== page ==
"We get a good late spring shad run in the main river," Rawlins explains. "It normally starts in mid-April and lasts through early summer. That draws a lot of bass, and they don't chase baitfish they lie in ambush. You can have large concentrations of bass at the mouths of the mud lakes and around intersecting creek channels. When the shad pass by they rally on them. When the shad aren't there, the bass hold in the pad beds at the mouths and you can catch them on plastic worms, spinnerbaits, buzzbaits and topwater plugs."
When summer's high temperatures arrive, there will still be some fish in the river. But, the lakes are once more the place to be. Experienced anglers look for matted vegetation forming a hard edge with open water, or offshore hydrilla beds. The latter can be all-day goldmines.
When the first cold fronts of fall arrive, things change again.
"In cooler weather I definitely want to be in the back creeks and intersecting rivers that have a current flow through them," says Rawlins. "A lot of big bass will homestead there for the winter and they love to find heavy floating aquatic vegetation or a fallen tree top, to snuggle under Run a shiner under this kind of cover, or flip it with soft plastic lures, and you can connect with a lot of them."
The Lower River
A short run north of Woodruff, the St. Johns enters Lake George. There it changes from a free-flowing river to one affected by the tides. That adds some different fish to the mix.
One of the best days on redfish I've experienced in over 35 years in Florida occurred on Lake George during a drought, when saltwater intrusion pushed large schools of reds far south. A few miles north, Little Lake George routinely produces flounder during the summer months, along with an occasional tarpon or snook. As the river winds north, saltwater species increase. At Jacksonville, it's a full-blown saltwater fishery, and one of the best in Florida.
From the jetties at Mayport, and right into downtown Jacksonville itself, anglers can find sheepshead, tarpon, weakfish, mangrove snapper, big bull reds (topping 40 pounds), flounder (including some real doormats!), jacks, ladyfish, croaker, bluefish, and a host of lesser species.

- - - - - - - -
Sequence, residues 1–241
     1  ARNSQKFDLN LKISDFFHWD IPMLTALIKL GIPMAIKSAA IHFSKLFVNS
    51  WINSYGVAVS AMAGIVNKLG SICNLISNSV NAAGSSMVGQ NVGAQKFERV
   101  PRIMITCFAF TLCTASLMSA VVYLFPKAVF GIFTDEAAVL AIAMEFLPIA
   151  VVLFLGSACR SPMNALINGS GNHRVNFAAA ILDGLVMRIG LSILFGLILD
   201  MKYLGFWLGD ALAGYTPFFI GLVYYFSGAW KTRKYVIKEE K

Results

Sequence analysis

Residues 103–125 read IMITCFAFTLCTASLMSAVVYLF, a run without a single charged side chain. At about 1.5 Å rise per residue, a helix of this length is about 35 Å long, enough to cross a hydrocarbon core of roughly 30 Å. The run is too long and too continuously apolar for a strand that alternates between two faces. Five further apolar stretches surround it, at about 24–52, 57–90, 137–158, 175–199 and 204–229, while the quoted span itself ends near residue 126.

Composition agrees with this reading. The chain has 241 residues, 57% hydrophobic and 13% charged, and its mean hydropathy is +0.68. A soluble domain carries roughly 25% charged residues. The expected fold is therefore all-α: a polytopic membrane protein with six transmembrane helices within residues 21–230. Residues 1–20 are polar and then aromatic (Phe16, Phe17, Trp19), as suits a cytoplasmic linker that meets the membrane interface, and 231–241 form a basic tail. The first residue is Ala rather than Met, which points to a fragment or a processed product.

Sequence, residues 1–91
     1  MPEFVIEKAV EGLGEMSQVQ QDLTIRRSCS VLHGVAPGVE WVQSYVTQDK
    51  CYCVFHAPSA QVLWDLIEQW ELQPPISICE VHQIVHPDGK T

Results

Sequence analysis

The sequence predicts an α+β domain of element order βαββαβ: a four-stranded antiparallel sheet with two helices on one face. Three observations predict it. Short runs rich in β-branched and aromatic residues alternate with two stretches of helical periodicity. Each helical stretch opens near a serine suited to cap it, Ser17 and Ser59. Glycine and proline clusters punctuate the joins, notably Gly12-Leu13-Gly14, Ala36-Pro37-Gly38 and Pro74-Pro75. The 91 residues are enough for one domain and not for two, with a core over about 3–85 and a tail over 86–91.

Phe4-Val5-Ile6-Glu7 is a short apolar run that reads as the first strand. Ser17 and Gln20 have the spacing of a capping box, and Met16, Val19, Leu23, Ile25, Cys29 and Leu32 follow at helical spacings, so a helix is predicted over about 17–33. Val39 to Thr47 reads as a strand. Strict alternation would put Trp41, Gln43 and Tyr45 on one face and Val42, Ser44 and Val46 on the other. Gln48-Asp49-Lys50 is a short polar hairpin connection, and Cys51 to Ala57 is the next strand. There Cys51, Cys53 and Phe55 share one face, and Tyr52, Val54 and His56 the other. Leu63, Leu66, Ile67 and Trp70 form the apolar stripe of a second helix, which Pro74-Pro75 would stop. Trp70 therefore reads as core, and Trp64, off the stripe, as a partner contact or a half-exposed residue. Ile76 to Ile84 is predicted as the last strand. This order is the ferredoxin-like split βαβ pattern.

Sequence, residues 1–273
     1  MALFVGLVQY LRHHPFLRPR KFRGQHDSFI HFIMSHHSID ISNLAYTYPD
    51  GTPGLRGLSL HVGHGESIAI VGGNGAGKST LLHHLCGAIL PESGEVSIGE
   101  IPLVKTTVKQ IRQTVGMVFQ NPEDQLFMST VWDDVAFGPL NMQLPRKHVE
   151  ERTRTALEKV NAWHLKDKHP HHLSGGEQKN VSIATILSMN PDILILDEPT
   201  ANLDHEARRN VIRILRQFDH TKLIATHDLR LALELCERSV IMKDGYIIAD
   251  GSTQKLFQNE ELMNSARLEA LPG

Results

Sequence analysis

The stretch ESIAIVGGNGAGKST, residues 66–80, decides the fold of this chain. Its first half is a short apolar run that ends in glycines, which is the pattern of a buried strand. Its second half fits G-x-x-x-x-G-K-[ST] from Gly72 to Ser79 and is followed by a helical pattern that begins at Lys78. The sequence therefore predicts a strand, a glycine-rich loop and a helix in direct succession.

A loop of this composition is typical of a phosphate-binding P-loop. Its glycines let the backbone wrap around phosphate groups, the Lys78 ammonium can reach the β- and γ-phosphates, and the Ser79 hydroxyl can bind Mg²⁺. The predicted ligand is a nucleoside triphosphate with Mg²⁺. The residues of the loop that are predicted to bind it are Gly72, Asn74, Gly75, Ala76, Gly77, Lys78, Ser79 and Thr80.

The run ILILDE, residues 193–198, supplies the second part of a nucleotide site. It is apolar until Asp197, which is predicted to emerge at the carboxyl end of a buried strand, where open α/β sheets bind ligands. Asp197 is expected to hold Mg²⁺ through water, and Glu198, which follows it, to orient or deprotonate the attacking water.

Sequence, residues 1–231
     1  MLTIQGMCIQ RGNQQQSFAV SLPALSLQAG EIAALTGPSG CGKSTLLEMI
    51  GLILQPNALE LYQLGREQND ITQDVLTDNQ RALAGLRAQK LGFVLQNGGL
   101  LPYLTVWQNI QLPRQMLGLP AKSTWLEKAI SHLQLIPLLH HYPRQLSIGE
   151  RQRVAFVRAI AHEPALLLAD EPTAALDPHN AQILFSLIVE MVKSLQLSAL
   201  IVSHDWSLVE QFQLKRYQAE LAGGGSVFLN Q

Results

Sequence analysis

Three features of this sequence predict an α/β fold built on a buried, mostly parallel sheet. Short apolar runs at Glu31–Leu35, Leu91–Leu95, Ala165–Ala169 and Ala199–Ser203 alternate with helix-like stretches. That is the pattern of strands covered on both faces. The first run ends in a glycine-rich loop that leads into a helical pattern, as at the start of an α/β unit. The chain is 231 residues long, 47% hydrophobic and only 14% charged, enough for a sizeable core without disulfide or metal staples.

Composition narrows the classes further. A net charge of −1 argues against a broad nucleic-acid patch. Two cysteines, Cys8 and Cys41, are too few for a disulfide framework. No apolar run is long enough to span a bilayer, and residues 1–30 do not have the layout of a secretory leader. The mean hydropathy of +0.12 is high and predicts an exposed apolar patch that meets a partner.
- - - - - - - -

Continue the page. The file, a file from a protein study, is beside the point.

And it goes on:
"That's a pretty good lineup, but there's more. Although it doesn't get the publicity of some other locales in the state, this is one of the top bets for "Bator" spotted seatrout. The peak time for them is April, May and June in the main river itself. But, they can pop up at anytime. I remember a 7.5-pound trout that ate a topwater plug in three feet of water at the back of Mill Cove at noon on a calm and scorching August day.
Veteran Jacksonville guide Capt. Tony Bozzella (who owns TBS Jigs) is well aware of the trout situation. During the last couple of years his guide parties have landed 88 trout over five pounds, with an 11-pounder topping the list. When not chasing those gator trout during their peak months, however, he has another area that occupies his time.
"The maze of backcountry tidal creeks on the north side of the river from Dames Point Bridge to Fort George offer some of the best fishing," he notes. "That's especially true during the cooler months when the main river slows down."
It's not hard to see why. Those shallow, mud-bank creeks draw heat from the sun. That brings baitfish. The trout, redfish and flounder follow.
"I'm looking for outside bends with a steady current flow that has a harder bottom, or oyster, not just mud or silt," Bozzella says. "Find those areas that are holding baitfish, and you'll find fish."
As for lures, Bozzella uses bucktail jigs or soft-plastic jigs. Another option is a shallow-running jerkbait.
It's simple. But, then so is the entire St. Johns. Just pick the right spot.
A pair of drake bluewing teal taken on T.M. Goodwin Waterfowl Area, near Fellsmere. Above: Highland Park Fish Camp outside DeLand, on the middle river. That's where Capt. Bryn Rawlins knows that well. "This area has always ranked very high in the state's annual creel counts for both bass and bream," she says. "And, the last couple of
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|Date:||Nov 1, 2011|